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May 16, 2015

Guacamole 101.{Recipe}

guacamole

I could eat buckets of guacamole.

Guacamole may well be my favorite food and I’ve found ways to include it in every meal (yes, I even eat it for breakfast). Luckily, guacamole is one of the healthiest dips there is, so I don’t feel guilty about the indulgence.

Commercial guacamoles consistently disappoint.

They are runny, filled with preservatives and acids to keep the avocados from browning, then vacuum packed in plastic—premade guacs can’t compete with homemade.

No one should be intimidated about making their own guacamole.

This guacamole recipe is quick, simple and guaranteed to please. It can also be easily customized, so feel free to use my measurements as guidelines and make it to your own taste.

Basic Guacamole.

4 ripe, soft Haas avocados peeled, seeded and cubed

1 jalapeno pepper seeded and finely diced. People who like a spicier dip can use more jalapeno or substitute a hotter chile like a fresno, serrano or even a habanero.

3 green onions thinly sliced. You may also substitute half of a small red onion diced, but I prefer the milder flavor of the green onions.

1 ripe tomato, diced

¼ cup roughly chopped, fresh cilantro leaves

Juice of one, fresh lime  Tip: if your lime is dry, roll it on the counter and put it in the microwave for about 30 seconds.

1 tablespoon white vinegar

1 teaspoon chili powder

Sea Salt to taste

Optional: A few squirts of your favorite hot sauce (sriracha for example)

Mix all ingredients except avocado in the bottom of a glass or ceramic mixing bowl. Gently fold in the avocado cubes. I prefer chunky guacamole, so I mix this as little as possible. Taste and season with sea salt if needed. Serve immediately with chips, raw veggies, or on your favorite Mexican dish. Never mind, go ahead and put it on everything.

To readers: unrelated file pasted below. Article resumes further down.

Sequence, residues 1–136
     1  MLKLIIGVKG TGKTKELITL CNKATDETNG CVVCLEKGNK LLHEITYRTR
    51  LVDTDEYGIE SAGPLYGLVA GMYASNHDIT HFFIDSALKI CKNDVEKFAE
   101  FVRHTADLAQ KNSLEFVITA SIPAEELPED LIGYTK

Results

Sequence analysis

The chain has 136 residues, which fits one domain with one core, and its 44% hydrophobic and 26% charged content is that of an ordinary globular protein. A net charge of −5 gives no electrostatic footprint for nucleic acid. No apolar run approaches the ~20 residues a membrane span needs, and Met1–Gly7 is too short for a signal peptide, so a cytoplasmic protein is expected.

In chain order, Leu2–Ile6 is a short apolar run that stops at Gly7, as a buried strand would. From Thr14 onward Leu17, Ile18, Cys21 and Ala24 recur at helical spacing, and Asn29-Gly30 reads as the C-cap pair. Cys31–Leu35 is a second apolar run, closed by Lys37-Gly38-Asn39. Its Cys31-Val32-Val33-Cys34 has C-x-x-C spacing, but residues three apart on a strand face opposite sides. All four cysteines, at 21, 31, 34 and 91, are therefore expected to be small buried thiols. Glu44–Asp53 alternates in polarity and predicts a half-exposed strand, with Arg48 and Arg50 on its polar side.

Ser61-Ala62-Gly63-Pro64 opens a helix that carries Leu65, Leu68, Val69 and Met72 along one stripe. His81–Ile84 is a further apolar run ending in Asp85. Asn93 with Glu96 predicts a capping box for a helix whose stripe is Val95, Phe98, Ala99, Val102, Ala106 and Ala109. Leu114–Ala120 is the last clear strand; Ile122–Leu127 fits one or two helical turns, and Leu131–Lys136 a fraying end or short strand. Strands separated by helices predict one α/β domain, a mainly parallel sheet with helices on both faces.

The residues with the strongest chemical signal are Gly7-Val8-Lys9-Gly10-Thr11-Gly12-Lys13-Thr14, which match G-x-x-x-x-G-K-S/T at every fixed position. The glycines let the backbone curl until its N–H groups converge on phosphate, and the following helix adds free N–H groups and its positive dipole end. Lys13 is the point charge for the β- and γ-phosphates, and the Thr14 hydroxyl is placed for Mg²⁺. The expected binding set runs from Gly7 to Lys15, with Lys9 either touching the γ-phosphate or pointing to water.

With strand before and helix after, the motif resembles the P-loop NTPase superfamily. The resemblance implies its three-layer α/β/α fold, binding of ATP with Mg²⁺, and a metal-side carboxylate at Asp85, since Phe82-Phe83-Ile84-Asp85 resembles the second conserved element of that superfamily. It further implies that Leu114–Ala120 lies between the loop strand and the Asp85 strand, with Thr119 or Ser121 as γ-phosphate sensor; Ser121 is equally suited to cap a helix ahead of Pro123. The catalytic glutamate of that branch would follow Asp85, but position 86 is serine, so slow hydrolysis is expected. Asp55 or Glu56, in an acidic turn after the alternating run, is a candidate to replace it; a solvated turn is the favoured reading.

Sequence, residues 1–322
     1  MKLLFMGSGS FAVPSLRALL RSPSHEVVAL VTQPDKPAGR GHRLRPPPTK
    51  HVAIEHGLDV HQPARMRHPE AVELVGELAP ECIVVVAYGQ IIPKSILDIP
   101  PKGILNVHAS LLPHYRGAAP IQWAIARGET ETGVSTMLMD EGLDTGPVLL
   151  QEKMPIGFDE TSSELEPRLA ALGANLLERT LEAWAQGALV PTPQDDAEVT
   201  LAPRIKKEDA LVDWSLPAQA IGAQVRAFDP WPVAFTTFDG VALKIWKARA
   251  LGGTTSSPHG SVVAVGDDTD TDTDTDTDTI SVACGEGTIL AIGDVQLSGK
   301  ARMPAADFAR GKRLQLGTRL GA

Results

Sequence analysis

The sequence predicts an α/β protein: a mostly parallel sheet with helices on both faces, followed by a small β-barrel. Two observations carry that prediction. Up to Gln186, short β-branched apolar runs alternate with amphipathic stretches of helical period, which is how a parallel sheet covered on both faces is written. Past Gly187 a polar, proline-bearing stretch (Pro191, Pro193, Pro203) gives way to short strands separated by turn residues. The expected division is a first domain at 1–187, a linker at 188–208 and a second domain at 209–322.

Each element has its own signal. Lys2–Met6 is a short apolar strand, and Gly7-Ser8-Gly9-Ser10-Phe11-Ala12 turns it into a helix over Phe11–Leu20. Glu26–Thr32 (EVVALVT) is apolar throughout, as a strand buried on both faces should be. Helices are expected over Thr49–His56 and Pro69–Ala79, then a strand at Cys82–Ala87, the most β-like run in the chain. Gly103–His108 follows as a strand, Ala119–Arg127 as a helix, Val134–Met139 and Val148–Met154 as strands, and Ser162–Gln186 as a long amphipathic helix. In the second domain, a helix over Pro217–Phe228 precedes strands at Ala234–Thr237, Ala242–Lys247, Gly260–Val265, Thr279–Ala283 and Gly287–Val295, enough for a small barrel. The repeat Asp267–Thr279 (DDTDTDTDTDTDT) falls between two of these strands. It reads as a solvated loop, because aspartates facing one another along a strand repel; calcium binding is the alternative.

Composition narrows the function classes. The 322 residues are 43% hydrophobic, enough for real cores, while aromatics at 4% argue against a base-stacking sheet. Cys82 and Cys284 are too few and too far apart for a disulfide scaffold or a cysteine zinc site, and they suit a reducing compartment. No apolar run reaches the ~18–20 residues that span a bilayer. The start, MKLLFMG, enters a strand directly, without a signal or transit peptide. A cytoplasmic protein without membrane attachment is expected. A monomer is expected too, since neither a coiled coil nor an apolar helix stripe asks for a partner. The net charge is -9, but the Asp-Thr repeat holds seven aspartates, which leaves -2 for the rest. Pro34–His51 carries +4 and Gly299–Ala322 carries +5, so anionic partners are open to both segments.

Variations

Put a new spin on guacamole by adding any of these toppings:

crumbled cotija cheese

fresh corn kernels (or grilled)

toasted sunflower seeds

pomegranate arils

roasted garlic

goat cheese

caramelized onions

sauteed mushroom slices

diced pineapple

sour cream

Seared tofu

Chopped sautéed shrimp

How to Store Guacamole.

Guacamole is best eaten freshly made, but leftovers will keep for about a day in the refrigerator. Store in a glass or ceramic bowl. Cover with plastic wrap and firmly press the wrap down onto the surface of the dip to prevent any air from touching it. Guacamole tends to brown quickly and this technique won’t prevent that, but it will slow down the process.

~

Relephant:

4 Vegan Superfoods to Jumpstart your Week.

~

Author: Victoria Fedden

Editor: Ashleigh Hitchcock

Photo: flickr

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Victoria Fedden

Victoria Fedden is a writer and a mom from South Florida. Her memoir This is Not My Beautiful Life was published June 2016 by Picador USA. She teaches college writing, and blogs on her website. Her essays and articles have appeared in Real Simple, Chicken Soup for the Soul, The Huffington Post, Redbook, Elephant Journal, Scary Mommy, Babble, and The South Florida Sun Sentinel, plus various other publications. Please visit her Facebook page for updates.